World Trade Organization: Standard of Review and Impact of Trade Remedy Rulings Page: 2 of 128
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' Accountability* Integrity* Reliability
Highlights of GAO-03-824, a report to the
Ranking Minority Member, Committee on
Finance, U.S. Senate
WORLD TRADE ORGANIZATION
Standard of Review and Impact of Trade
Why GAO Did This Study
World Trade Organization (WTO)
members rely on trade remedies in
the form of duties or other import
restrictions to protect their
industries from injury due to unfair
foreign trade practices or
unexpected import surges. There
is congressional concern that the
WTO, created in 1995 to administer
trade rules, is interfering with this
ability. There is also congressional
concern that the WTO is not
treating the United States fairly in
resolving trade remedy disputes.
A congressional requester asked
GAO to identify trends in WTO
trade remedy disputes since 1995,
including the outcomes of these
disputes and how they affected
members' ability to impose trade
remedies. The requester also asked
GAO to discuss the standards of
review that the WTO applies when
ruling on trade remedy disputes
and to present U.S. agencies' and
legal experts' views on the WTO's
application of these standards and
related trade remedy issues.
In their comments on a draft of this
report, the Department of
Commerce and the U.S.
International Trade Commission
stated that the report needed to put
more emphasis on U.S. agencies'
concerns about the potential
adverse impact of WTO rulings on
the U.S.'s use of trade remedies.
The U.S. Trade Representative
provided only technical comments
on the report. GAO modified the
report as appropriate.
To view the full product, including the scope
and methodology, click on the link above.
For more information, contact Loren Yager at
(202) 512-4346 or email@example.com.
What GAO Found
About a third of the cases filed in the WTO dispute settlement system from
1995 through 2002 challenged members' trade remedies, with the ratio of
such cases increasing over time. Although a relatively small proportion of
WTO members' trade remedy measures were challenged in the WTO, the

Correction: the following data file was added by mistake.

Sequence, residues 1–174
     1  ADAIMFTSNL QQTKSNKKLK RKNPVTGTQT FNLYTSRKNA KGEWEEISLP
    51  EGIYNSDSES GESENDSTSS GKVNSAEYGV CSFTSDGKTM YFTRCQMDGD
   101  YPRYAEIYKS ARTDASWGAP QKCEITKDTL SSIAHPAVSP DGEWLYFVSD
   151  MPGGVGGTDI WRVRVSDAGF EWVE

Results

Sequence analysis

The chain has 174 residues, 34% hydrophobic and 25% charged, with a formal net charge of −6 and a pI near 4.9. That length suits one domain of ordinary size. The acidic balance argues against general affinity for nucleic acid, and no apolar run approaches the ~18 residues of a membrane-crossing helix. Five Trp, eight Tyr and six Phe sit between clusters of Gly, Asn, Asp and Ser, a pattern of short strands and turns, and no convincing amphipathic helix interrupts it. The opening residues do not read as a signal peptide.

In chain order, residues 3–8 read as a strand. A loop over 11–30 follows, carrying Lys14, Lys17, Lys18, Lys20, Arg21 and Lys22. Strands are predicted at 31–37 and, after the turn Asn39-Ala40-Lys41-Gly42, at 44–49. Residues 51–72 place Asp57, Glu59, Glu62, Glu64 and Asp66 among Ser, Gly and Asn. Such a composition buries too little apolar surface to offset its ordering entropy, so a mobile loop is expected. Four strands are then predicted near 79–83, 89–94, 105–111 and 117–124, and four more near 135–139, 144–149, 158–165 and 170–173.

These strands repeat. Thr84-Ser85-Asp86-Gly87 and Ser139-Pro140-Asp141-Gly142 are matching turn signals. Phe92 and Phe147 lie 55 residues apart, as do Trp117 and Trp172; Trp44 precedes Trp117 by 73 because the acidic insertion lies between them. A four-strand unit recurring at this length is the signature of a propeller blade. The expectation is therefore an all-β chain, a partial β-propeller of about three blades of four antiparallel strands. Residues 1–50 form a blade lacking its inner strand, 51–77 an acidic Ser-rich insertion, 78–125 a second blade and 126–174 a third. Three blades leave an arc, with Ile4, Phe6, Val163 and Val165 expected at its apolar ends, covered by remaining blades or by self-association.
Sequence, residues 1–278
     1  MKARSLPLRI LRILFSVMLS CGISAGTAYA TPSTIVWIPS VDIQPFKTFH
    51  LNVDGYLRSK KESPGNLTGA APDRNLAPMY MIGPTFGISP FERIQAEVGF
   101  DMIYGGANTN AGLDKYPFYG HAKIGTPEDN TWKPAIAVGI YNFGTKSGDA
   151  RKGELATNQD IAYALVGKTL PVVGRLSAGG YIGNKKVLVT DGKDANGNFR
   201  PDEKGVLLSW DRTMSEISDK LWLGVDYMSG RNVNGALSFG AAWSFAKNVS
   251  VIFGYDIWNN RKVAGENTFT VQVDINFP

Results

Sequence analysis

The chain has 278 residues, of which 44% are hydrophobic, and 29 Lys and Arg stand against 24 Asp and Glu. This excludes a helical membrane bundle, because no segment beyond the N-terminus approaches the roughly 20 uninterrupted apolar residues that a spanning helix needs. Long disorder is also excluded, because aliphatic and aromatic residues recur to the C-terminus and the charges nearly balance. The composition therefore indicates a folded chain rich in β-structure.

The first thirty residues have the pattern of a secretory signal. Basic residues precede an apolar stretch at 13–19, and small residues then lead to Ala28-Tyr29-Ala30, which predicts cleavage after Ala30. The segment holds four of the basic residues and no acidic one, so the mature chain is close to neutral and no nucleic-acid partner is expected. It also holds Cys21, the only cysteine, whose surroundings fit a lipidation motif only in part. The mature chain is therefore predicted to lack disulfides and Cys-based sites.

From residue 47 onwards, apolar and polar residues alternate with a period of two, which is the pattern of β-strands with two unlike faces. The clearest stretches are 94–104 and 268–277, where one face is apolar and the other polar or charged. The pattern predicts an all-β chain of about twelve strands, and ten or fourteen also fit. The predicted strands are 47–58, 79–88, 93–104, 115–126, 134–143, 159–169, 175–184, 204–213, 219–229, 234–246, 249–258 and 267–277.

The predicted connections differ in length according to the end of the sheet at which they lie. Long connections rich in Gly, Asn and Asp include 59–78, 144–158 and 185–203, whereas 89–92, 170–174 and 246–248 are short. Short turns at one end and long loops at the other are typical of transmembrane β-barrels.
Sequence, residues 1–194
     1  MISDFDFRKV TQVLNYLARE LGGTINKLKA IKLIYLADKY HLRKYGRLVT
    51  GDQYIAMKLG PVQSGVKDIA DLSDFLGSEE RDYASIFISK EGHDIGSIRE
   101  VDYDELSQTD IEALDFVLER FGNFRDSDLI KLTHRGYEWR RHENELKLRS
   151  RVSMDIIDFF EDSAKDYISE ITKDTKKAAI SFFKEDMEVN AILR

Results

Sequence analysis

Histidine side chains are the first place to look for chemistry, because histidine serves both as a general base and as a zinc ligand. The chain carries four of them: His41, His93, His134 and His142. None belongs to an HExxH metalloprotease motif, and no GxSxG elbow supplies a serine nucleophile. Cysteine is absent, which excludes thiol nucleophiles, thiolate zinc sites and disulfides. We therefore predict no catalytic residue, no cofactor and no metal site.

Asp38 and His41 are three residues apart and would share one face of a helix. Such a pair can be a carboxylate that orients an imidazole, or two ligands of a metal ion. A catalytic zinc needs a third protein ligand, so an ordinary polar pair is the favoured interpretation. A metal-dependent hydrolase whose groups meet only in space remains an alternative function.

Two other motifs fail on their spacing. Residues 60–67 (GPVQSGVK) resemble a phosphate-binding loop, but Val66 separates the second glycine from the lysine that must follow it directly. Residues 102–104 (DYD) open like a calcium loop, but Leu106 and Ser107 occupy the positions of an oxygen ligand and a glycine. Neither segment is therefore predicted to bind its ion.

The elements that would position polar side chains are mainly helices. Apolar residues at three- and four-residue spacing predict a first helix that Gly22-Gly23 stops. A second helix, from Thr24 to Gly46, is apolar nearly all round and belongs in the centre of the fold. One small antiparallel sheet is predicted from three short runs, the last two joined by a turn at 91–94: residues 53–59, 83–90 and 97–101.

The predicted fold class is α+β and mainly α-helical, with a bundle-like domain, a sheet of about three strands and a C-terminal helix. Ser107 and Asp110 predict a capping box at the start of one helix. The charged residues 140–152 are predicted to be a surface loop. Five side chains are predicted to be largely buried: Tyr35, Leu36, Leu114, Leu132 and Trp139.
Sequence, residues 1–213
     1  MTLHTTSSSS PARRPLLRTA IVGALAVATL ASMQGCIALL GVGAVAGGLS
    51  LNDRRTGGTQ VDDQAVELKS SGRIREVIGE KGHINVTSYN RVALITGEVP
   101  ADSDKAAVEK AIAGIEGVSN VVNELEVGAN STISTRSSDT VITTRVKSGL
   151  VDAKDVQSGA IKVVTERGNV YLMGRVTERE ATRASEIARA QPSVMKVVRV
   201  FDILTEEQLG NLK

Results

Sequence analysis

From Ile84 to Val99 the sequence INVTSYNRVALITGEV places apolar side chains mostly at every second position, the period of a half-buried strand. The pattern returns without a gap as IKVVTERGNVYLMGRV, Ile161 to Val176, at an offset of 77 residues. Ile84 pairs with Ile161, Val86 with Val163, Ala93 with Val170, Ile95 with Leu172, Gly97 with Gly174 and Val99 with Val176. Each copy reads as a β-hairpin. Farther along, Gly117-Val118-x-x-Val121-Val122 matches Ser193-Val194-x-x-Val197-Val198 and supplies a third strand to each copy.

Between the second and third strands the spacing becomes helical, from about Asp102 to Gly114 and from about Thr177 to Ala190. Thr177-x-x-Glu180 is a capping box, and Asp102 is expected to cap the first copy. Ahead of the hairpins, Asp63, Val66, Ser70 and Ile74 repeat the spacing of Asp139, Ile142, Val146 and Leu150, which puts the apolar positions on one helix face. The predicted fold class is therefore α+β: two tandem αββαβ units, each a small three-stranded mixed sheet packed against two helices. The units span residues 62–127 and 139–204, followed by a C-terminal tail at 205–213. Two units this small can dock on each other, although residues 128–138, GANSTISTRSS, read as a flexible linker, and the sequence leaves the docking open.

United States faced substantially more challenges than other WTO members.
The WTO generally rejected members' decisions to impose trade remedies in
the 25 trade remedy disputes resolved from 1995 through 2002. However,
GAO found that the WTO ruled for and against the U.S. and other members
in roughly the same ratios. Overall, WTO rulings resulted in few changes to
members' laws, regulations, and practices but had a relatively greater impact
on those of the United States. While U.S. agencies stated that WTO rulings
have not yet significantly impaired their ability to impose trade remedies,
they had concerns about the potential future adverse impact of WTO rulings.
Of the legal experts GAO consulted, a majority concluded that the WTO has
properly applied standards of review and correctly ruled on major trade
remedy issues. However, a significant minority strongly disagreed with
these conclusions. U.S. agencies also said that the WTO has not always
properly applied the standards and has, in some cases, imposed obligations
on members that are not found in WTO agreements. Nonetheless, the
experts almost unanimously agreed that the WTO was not treating the
United States any differently than other members.
Total Number of WTO Trade Remedy Measures Imposed and Number Challenged, by Most
Frequent Trade Remedy Users, 1995-2002
Number of trade remedy measures
0 I I II l i I _ I
_ 1 n 2 3 [1
Total trade remedy measures
notified to the WTO
Source: GAO analysis of WTO data.
United States General Accounting Office
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United States. General Accounting Office. World Trade Organization: Standard of Review and Impact of Trade Remedy Rulings, report, July 30, 2003; Washington D.C.. (digital.library.unt.edu/ark:/67531/metadc291095/m1/2/: accessed May 27, 2018), University of North Texas Libraries, Digital Library, digital.library.unt.edu; crediting UNT Libraries Government Documents Department.